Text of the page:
Boise, Archer-Daniels Look Cheap on This Gauge

John Dorfman

July 9, 2018 (Maple Hill Syndicate) – My first boss in the financial industry hated the price-to-sales ratio.

What difference does it make, he asked, if a stock is cheap compared to a company’s sales? What counts are a company’s profits, not its sales.

I’ve never understood why he felt so strongly about that. There are many gauges of a company’s intrinsic value. To me, sales (or revenue) is one of them.

Sure, a low price-to-sales ratio sometimes means that profits are anemic. But a new management or an improvement in the product line could change that. Thus, this ratio may point to turnaround candidates.

Here’s another reason to like the price-to-sales ratio: It’s harder for a company to manipulate sales figures than earnings figures.

Here are five companies that look attractive to me now based on their low price-to-sales ratios.


Boise Cascade

Boise Cascade Co. (BCC), based in Boise, Idaho, makes wood products and building materials. Some of the joists and beams in your home may well come from this company.

The current price of about $46 is 0.4 times sales. The knock on the company is that it’s a slow grower. But it’s doing what a mature company should do, raising its dividend at a 10% annual clip for the past three years. The dividend yield is 2.7%, nothing to scoff at.



A leading food and commodities processor, Archer-Daniels Midland Co. (ADM) is up about 11% this year. But that only brings the shares to about where they were four years ago.

In recent years, Archer-Daniels has slimmed down, but become more profitable. I think that the next few months may be rough for the market, and this is traditionally a defensive stock. It sells for 0.4 times revenue, and yields 2.9% in dividends.


Cooper Tire

Next comes a stock that’s an old friend to readers of this column, Cooper Tire & Rubber Co. (CTB). It makes replacement tires, which strikes me as timely in a year when U.S. driving miles are up and the age of the average car on the road is steady at about 11 years.

Cooper sells for 0.5 times revenue. Its balance sheet, which weakened during the financial crisis, is once again strong.

In market share for replacement tires, Cooper usually runs fifth in the U.S., behind Goodyear, Michelin, Firestone and Bridgestone. That can crimp pricing power, but Cooper’s profit margins have actually been increasing lately.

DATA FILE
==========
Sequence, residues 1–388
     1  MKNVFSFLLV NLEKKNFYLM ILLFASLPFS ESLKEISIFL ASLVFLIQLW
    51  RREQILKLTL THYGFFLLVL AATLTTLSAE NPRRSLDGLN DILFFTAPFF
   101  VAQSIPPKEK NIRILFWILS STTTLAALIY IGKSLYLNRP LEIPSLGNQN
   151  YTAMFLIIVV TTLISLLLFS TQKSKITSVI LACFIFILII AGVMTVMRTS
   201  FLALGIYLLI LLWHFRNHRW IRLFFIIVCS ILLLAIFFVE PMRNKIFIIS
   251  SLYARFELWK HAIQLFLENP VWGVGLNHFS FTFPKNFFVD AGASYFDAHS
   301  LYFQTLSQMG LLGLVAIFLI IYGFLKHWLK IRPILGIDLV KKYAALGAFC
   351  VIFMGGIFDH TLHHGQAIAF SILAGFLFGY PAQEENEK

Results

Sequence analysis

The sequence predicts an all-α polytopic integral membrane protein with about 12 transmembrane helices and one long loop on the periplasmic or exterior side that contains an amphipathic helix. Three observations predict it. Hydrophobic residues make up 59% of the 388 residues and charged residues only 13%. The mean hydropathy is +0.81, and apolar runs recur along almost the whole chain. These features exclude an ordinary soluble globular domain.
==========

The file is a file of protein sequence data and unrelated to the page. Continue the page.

As mentioned, U.S. drivers are racking up more miles this year. That bodes well for Valero Energy Corp. (VLO), a refiner that turns crude oil into gasoline, home heating oil and other products.

A possible kicker would be a winter that – following three consecutive winters of record warm weather – is cold. No, I do not deny the reality of global warming. But nothing moves in a straight line, and a reversion toward the mean would certainly help raise heating oil prices.


Miller Industries

Here’s a little stock that intrigues me. Miller Industries Inc. (MLR), out of Ooltewah, Tennessee, makes tow trucks and car carriers. Hardly a crowded niche! So far as I can tell, not a single Wall Street analyst covers this stock.

Miller seems like a value to me, selling for 0.5 times revenue and 12 times earnings. The company has $15 million in cash, and only about $10 million in debt, a situation I love to see.


Track Record

This is the 16th column I’ve written on stocks with low price-to-sales ratios. Last year’s column produced a 29.3% return, versus 16.1% for the Standard & Poor’s 500 Index. Figures are total returns including dividends.

Two of my picks from a year ago rose 65% — Valero Energy Corp. (which repeats this year) and America’s Car-Mart (CRMT). Also helping was Omega Protein Corp, which was taken over by Cooke Inc. for a 34% gain.

My losers were CVS Health Corp. (CVS) down 10%, and Met Life Inc. (MET), down 6%.

Bear in mind that my column recommendations are theoretical and don’t reflect actual trades, trading costs or taxes. Their results shouldn’t be confused with the performance of portfolios I manage for clients. And past performance doesn’t predict future results.

The long-term record of this series is so good I must attribute much of it to luck. The average return has been 37.9%, compared to 8.3% for the S&P 500 over the same periods. I hasten to say that my real-life results as an investment manager were not this strong.

The abnormally robust result owes much to outsized returns on columns I wrote in 2000 and 2002. Overall, 14 of the 15 columns have been profitable and 10 have beaten the S&P 500.

Disclosure: I own Valero for most of my clients and CVS Health for a couple.


John Dorfman is chairman of Dorfman Value Investments LLC in Newton Upper Falls, Massachusetts, and a syndicated columnist. His firm or clients may own or trade securities discussed in this column. He can be reached at

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